The commodity price crash that has already decimated Australian mining profits now looks set to hit the earnings of the nation’s major banks.
- Bank shares slump between 3-6 per cent
- ANZ flags extra $100m-plus write-down on resources loans
- Westpac warns of “pockets of stress” in WA and Queensland, bad corporate debts
- Analysts have long-warned of rising bad debts
ANZ has flagged a $100 million-plus increase in its bad debt provisions over the past month due to resources sector exposures.
The ABC understands that the increase in bad debts relates largely to ANZ’s loans to coal mining giant Peabody Energy and South Australian iron ore and steel producer Arrium.
The ABC reported earlier this month that US-owned Peabody Energy is likely to seek Chapter 11 bankruptcy protection in America, while Arrium is struggling to secure private and public funding to keep it afloat.
ANZ’s acting chief financial officer (CFO) Graham Hodges said the bank is ensuring that investors are kept up-to-date with any change in its bad debt outlook.
“While the overall credit environment remains broadly stable, we are continuing to see pockets of weakness associated with low commodity prices in the resources sector and in related industries,” he said in a statement to the ASX.
“This is a challenging part of the cycle for these customers with implications for the banking sector as individual circumstances evolve.”
The bank had already disappointed investors bylifting its credit charge to more than $800 million in a trading update just over a month ago – $65 million more than most analysts had expected.
That increase was due to a rise in bad debts throughout its Asian customers, as the region’s economy slows down.
Westpac warns about ‘pockets of stress’ for households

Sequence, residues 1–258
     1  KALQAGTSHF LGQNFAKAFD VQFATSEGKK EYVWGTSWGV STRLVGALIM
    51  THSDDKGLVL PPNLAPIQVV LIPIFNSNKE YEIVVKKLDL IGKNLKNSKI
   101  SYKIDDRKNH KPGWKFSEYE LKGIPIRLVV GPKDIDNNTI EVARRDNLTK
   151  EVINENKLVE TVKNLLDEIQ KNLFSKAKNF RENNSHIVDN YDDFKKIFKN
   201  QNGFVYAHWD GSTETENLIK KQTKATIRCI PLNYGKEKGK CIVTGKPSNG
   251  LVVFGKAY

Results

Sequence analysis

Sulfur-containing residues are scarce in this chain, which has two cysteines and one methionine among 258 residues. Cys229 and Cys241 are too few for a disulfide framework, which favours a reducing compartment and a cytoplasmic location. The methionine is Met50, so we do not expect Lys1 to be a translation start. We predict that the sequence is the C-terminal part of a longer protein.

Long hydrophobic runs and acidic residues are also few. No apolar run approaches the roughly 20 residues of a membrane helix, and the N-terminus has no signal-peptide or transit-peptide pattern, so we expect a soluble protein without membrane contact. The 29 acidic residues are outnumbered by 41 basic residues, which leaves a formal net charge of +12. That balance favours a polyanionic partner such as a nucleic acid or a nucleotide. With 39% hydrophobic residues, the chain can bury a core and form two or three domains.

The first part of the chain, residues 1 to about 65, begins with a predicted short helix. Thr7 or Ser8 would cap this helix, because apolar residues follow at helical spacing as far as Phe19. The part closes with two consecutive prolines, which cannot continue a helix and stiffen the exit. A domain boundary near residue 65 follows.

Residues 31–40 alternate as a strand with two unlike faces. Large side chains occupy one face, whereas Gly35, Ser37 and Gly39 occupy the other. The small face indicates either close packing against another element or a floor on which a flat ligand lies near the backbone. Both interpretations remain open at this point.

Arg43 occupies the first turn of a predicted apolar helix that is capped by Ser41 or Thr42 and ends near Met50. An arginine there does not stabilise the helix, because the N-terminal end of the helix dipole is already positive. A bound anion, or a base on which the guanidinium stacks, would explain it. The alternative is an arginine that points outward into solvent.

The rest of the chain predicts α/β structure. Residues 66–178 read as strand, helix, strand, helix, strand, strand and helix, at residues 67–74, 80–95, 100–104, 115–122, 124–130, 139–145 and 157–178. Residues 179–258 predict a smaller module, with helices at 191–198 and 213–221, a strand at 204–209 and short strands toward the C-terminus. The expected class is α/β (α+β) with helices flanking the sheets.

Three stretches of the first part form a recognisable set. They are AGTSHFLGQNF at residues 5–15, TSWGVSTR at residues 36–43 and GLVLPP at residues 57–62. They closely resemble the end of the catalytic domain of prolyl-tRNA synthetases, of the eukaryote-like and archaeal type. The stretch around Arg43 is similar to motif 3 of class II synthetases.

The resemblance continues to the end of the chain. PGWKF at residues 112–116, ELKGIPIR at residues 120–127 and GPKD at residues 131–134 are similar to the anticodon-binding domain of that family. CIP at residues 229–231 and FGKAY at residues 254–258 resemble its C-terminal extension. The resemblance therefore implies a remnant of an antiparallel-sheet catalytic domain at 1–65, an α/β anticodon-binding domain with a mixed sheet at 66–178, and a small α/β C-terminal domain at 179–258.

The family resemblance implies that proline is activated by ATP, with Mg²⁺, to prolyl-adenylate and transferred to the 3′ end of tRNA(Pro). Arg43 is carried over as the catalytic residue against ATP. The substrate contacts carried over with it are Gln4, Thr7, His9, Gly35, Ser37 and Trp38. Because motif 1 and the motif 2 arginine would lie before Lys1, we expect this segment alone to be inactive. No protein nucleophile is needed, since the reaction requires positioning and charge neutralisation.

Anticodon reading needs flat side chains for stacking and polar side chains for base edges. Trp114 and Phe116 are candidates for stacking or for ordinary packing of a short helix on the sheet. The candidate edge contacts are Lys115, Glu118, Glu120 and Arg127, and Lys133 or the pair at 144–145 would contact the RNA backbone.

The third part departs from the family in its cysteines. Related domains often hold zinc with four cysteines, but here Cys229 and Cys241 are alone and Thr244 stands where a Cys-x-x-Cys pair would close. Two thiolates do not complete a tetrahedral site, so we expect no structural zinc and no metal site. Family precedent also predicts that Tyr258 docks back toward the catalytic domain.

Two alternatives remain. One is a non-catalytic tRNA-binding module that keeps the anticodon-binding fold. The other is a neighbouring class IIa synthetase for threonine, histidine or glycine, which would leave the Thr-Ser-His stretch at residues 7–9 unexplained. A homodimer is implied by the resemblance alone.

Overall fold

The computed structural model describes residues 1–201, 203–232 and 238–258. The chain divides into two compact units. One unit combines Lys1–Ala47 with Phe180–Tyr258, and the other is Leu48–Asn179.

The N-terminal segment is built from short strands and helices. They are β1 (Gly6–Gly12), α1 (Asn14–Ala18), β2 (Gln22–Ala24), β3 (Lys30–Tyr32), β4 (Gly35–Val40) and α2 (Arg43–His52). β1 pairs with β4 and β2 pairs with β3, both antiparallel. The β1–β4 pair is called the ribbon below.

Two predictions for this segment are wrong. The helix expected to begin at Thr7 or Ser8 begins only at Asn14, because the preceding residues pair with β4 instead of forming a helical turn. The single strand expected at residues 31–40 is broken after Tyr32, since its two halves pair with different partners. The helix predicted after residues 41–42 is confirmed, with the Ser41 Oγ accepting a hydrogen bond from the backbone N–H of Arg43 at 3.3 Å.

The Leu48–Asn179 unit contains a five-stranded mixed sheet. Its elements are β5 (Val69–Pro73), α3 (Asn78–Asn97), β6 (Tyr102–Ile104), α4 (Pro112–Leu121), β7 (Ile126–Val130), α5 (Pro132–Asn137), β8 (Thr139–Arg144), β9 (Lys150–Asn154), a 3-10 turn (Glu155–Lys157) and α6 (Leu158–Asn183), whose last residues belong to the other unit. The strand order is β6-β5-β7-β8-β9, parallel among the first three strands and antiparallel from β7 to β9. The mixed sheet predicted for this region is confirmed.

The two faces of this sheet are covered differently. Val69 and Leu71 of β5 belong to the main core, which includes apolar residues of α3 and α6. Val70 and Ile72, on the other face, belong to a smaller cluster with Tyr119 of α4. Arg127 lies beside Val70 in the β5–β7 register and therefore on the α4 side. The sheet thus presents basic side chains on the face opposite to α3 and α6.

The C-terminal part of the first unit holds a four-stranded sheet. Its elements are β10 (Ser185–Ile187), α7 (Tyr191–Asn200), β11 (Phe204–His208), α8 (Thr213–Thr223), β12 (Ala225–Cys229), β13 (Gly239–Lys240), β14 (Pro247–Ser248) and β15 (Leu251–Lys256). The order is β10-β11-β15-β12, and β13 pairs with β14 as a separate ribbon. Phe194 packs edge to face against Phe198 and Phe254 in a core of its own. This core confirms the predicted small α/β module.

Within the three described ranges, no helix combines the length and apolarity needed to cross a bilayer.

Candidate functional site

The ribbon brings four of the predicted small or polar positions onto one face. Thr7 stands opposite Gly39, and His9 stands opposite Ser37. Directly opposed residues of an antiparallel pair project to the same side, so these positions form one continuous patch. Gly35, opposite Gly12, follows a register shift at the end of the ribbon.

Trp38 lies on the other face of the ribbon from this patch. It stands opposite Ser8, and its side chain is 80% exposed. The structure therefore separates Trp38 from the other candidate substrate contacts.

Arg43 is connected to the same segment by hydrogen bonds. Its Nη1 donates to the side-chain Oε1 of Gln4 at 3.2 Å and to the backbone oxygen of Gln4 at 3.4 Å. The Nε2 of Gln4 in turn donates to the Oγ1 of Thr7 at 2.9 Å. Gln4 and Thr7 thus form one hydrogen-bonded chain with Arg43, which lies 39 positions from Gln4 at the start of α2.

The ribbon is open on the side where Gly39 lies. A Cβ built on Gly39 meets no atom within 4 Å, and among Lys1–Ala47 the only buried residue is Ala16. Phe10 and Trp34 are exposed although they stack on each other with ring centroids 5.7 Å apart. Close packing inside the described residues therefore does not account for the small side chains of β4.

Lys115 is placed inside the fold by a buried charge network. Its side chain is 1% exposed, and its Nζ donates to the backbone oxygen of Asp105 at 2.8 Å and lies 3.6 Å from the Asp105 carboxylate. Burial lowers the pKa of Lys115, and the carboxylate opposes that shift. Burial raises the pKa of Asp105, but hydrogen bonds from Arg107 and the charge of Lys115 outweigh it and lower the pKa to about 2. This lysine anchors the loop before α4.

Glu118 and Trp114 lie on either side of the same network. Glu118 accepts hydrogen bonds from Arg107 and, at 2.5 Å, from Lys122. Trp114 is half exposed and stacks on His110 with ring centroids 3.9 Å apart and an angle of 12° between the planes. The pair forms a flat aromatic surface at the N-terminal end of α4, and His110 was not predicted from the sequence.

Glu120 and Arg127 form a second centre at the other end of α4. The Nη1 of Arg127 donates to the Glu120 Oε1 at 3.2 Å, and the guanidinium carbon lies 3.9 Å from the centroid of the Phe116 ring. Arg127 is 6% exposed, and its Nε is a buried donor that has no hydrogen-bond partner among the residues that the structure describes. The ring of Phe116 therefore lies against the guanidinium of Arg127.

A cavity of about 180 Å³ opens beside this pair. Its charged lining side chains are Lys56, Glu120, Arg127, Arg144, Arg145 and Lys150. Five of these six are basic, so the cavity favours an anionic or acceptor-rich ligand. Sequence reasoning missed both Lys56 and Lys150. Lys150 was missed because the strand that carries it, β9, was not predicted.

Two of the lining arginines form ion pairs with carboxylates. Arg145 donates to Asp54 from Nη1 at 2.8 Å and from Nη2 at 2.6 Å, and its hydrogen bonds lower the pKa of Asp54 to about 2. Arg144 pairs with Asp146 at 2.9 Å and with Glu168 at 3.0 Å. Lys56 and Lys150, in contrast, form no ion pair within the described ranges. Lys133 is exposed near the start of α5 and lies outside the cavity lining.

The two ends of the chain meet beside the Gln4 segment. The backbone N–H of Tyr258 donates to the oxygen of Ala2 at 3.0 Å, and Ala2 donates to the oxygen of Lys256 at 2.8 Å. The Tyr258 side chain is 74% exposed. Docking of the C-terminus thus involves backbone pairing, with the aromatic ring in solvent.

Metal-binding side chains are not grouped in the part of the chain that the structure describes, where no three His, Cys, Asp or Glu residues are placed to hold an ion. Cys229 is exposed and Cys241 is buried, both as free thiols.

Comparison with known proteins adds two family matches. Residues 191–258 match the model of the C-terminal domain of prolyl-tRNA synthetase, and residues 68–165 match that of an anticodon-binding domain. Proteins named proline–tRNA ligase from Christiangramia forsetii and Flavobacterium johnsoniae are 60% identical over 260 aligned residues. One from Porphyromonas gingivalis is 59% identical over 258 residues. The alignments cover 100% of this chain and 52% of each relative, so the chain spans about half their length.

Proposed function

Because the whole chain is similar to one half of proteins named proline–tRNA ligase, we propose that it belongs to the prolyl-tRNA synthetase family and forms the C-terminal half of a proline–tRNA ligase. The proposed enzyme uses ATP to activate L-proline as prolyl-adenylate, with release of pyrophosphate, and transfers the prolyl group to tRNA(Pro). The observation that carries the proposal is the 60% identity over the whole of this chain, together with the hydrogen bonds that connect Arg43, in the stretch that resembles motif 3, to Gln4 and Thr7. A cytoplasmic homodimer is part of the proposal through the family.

Westpac’s head of consumer banking George Frazis said the current risk environment looks fairly good for the bank, with 74 per cent of customers ahead on repayments, low interest rates and improving unemployment.
Mr Frazis said the bank is confident the Australian housing market will remain strong overall, but some areas are already feeling pain.
“At a micro level, there are pockets of stress, and we’re primarily seeing this in Western Australia and Queensland,” he observed.
Responding to a question from the ABC, Mr Frazis said the rising stress in these pockets was likely to translate to a 10 per cent increase on the previous corresponding period in bad debt provisions.
“It’s around about a $25 million impact in terms of an increase in provisions … obviously we’re ramping up our collections, so this is something we’ll make sure we keep under control.”
Westpac’s CFO Peter King also added that the bank may need to increase bad debt provisions for five large corporate clients.
The ABC understands that this list likely includes Slater & Gordon, where Westpac is the joint leader of a banking syndicate with NAB that is owed hundreds of millions of dollars by the financially troubled law firm.
Rising loan losses to dent bank profits: Morgan Stanley
After years of profiting from a reduction in bad and doubtful debts following the bounce back from the global financial crisis, bank analysts now say rising loan losses will be a headwind for profits.
Morgan Stanley’s analysts forecast an earnings headwind of around 4 per cent per annum over the next two years, and that is assuming the national housing market does not weaken substantially.
“Lower write-backs and the non-recurrence of collective provision releases will be the key reason why impairment charges increase from bottom-of-the-cycle levels,” Morgan Stanley predicted in a note.
“However, we also expect ‘pockets of weakness’ in the domestic economy, emerging single name exposures and a softer economic environment to drive higher loan losses in the second half of 2016 (estimates) and financial year 2017 (estimates).”
Morgan Stanley said Westpac remains its preferred big four bank due to a stronger capital position and lower risk profile than other major banks.
The investment bank is more cautious on the Commonwealth Bank, but still rates it a hold, and has a sell on NAB and ANZ.
In the case of ANZ, the bank’s Asian exposure and higher domestic non-housing loss rates are the main reasons for Morgan Stanley’s negative view.
The analysts see Bank of Queensland as a better bet, given its current discount to the majors.
Bank shares smashed on ASX
However, investors are bailing out of all Australian banks today.
Given that ANZ has the largest exposure to both the energy and mining sectors – $10.7 and $6.5 billion respectively, according to Macquarie analysts – it is not surprising that it was hit hardest, slumping 5.6 per cent to $23.92 by 12:17pm (AEDT).
Westpac was down 3.9 per cent to $31.07 on worries about its corporate exposures.
However, NAB and CBA were not spared in the general rout, falling 3.3 and 3 per cent respective, and Morgan Stanley’s favoured BoQ was also down 4.9 per cent to $11.95.